King's Lynn Notaries

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Kings Lynn Factfile:

Kings Lynn Location: Norfolk, Eastern England, England, UK.

Post Code for Kings Lynn: PE30

Kings Lynn Dialling Code: 01553

Population of Kings Lynn: 42,800 (Census of 2011)

Ordnance Survey Map Reference for Kings Lynn: TF62390

Previously identified as Lynn or Lin (and later as Bishop's Lynn), the vibrant town of King's Lynn was at one time among the most vital maritime ports in Britain. King's Lynn at present has a populace of approximately 42,000 and lures in quite a high number of visitors, who go to soak in the history of this memorable place and also to savor its countless excellent attractions and live entertainment events. The name "Lynn" stems from the Celtic term for "lake or pool" and undoubtedly refers to the truth that this area was once covered by a significant tidal lake.

Kings Lynn is placed at the base of the Wash in Norfolk, East Anglia, the enormous bite from the east coast of England where in 1215, King John supposedly lost all his treasures. He had enjoyed a feast by the elite of Lynn (which it was named back then), then a booming port, but was caught by a nasty high tide as he headed west over treacherous marshes in the direction of Newark and the treasure was lost on the mud flats. Very shortly afterwards, he passed away of a surfeit of peaches (or lampreys) based upon which account you believe. In these modern times the town is a natural centre, the centre for business between the Midlands and East Anglia, the railway terminus of the London, Cambridge, Ely main line, and a bridge that joins 'high' Norfolk heading towards Norwich to the east, with 'low' Norfolk, the flat fenlands and marshes south of the Wash.

Kings-lynn-river-great-ouseThe royal associations with King's Lynn are much stronger at present than in the era of King John. A few miles towards the north-east you will come across Sandringham Park, one of the Queen's private estates and a major tourist attraction. The town of King's Lynn itself itself is positioned predominantly on the easterly bank of the River Great Ouse estuary. Many of the roads beside the river banks, primarily the ones near the twin towers of the St Margaret's Church, remain much the same as they were a couple of centuries ago.

Should you be looking for a focal point in the town then it would likely be the old Tuesday Market Place , especially in recent years since the Corn Exchange has been developed into a key centre of entertainment. The vast majority of structures here are Victorian or even before this. These include the striking Duke's Head Hotel, erected in 1683, and a grade II listed building since 1951, the Corn Exchange (1854) and the Globe Hotel (first built in 1650).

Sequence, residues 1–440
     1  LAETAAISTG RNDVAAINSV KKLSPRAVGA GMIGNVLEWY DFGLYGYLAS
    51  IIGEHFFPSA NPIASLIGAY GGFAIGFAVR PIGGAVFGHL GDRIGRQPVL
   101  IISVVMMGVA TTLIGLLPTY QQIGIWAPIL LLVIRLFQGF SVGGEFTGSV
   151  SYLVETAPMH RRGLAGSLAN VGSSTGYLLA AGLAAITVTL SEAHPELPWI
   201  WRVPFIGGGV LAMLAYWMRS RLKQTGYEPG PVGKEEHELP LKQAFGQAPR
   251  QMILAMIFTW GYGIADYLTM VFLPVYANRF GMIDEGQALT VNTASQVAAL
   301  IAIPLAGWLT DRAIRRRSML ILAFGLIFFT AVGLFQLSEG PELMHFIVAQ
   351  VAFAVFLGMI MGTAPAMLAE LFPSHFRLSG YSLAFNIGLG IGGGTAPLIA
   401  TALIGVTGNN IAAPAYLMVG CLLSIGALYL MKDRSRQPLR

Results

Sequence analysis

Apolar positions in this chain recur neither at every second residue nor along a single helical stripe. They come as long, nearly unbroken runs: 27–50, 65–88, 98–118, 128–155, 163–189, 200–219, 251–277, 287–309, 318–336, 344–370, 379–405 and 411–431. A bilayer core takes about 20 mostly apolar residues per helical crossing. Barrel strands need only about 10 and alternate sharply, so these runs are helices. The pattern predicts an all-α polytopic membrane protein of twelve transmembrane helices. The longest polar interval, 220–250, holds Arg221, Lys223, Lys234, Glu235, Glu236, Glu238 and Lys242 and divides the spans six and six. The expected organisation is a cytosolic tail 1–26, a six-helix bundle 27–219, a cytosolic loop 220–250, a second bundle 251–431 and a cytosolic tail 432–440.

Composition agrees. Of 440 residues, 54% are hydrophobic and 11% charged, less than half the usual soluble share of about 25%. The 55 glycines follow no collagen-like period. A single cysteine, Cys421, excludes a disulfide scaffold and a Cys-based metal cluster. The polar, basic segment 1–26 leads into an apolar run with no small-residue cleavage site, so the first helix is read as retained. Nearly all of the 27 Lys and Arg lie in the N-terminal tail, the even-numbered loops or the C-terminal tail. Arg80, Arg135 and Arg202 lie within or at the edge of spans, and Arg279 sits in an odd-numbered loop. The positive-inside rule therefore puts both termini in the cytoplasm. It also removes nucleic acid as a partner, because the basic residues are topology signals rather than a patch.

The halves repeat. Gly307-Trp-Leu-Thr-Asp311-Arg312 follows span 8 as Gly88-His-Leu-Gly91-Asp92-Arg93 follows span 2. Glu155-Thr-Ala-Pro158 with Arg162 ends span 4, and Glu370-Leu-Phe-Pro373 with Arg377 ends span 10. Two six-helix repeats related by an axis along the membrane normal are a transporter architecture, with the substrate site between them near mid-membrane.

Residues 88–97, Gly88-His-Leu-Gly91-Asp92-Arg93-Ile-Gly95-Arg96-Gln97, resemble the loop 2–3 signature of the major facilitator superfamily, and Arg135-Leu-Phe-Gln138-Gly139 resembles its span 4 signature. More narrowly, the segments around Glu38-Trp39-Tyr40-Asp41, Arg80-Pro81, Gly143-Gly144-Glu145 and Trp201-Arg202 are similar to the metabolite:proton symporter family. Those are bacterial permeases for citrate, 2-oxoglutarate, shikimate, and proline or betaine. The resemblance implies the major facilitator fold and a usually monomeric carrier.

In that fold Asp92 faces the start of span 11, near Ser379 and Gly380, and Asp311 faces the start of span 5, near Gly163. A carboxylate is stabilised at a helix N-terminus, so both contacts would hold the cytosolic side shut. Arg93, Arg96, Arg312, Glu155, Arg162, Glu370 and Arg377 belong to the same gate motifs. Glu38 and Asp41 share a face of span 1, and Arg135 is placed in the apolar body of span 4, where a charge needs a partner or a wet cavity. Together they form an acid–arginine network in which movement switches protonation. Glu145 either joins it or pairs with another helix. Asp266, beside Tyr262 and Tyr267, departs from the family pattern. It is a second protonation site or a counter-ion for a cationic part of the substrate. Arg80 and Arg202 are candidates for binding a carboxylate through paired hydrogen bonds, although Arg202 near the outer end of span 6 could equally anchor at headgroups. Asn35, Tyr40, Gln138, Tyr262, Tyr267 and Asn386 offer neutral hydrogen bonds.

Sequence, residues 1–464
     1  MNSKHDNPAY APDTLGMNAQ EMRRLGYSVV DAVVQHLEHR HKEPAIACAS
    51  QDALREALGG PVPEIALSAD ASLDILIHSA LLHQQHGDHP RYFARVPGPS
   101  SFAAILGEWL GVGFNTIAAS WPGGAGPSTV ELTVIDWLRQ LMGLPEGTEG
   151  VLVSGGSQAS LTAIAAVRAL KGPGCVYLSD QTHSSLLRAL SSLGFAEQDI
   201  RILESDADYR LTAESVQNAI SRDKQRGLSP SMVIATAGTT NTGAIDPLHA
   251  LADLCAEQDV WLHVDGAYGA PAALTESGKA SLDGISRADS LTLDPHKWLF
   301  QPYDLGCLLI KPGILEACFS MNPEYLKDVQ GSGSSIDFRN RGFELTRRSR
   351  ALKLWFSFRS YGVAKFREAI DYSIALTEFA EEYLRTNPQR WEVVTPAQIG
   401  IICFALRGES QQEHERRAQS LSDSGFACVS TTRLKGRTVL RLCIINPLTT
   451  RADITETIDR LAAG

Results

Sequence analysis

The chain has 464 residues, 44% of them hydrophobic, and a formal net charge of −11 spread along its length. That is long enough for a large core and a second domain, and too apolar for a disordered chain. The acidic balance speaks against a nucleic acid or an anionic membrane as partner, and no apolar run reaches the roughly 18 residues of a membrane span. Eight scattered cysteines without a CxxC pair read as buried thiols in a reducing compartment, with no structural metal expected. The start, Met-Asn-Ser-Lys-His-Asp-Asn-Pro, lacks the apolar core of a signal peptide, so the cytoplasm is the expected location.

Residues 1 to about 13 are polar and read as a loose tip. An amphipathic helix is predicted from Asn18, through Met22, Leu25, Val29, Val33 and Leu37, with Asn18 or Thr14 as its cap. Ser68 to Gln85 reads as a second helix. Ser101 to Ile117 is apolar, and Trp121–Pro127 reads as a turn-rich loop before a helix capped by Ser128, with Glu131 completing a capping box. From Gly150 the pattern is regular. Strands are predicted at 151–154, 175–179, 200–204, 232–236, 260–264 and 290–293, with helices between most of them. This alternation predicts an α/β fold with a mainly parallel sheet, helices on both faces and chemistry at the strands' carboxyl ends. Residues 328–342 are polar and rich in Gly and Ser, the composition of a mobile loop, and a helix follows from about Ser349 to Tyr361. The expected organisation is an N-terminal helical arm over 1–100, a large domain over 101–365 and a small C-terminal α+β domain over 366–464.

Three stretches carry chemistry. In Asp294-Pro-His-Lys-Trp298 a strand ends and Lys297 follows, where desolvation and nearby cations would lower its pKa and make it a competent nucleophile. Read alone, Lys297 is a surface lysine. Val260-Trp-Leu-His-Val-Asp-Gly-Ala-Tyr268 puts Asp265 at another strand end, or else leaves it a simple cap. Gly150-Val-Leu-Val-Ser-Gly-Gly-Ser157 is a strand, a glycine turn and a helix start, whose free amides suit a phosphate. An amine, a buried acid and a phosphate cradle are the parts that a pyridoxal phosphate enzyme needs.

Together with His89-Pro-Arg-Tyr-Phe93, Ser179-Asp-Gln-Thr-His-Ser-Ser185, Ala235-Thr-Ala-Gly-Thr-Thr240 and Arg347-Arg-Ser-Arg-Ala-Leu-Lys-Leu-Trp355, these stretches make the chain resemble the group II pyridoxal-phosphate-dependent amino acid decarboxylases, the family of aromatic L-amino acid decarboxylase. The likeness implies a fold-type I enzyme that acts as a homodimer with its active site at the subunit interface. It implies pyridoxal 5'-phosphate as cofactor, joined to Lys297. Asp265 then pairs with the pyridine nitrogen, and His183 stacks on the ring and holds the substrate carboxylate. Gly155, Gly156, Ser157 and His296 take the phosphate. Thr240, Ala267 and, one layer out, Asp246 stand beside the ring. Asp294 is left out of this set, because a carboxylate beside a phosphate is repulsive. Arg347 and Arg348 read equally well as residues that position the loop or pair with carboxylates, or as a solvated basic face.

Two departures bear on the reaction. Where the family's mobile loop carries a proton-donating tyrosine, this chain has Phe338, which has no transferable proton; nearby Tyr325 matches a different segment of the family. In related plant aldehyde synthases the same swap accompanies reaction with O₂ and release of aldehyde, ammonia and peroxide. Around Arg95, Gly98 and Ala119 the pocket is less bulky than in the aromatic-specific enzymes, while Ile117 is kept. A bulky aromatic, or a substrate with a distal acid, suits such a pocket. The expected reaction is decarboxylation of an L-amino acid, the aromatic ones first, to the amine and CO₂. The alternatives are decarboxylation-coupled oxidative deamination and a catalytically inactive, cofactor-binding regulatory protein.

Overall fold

King's Lynn's Historical Past - Quite likely originally a Celtic community, and without doubt settled in Saxon times it was identified simply as Lun in the 1086 Domesday Book, and owned by Bishop Almer of Elmham. The town was only called King's Lynn in and after the 16th C, and had previously been termed Bishop's Lynn (and Lynn prior to that), the Bishop's element of the name was given as it was at that time the property of a Bishop, who set up a Benedictine priory there in the late 11th C, and it was that Bishop who initially allowed the town the right to hold a street market in 1101. It was also at about this time period that the first St Margaret's Church was built.

The town little by little evolved into a significant commerce hub and port, with merchandise like salt, grain and wool shipped out from the port. By the 14th century, Bishop's Lynn was among the main ports in the British Isles and a lot of business was done with the Hanseatic League (Baltic and Germanic merchants), with the Hanseatic Warehouse being constructed for them in the late 15th century.

The town of Bishop's Lynn withstood two major misfortunes during the 14th century, the first in the shape of a horrible fire which demolished large areas the town, and secondly by way of the Black Death, a plague which took the lives of roughly fifty percent of the town's citizens during the time period 1348-49. In 1537, during the reign of Henry 8th, Bishop's Lynn came under the control of the king as opposed to a bishop and was after this known as King's Lynn, the next year Henry VIII also closed down the Benedictine Priory as part of his Dissolution of the Monasteries (1536 to 1541).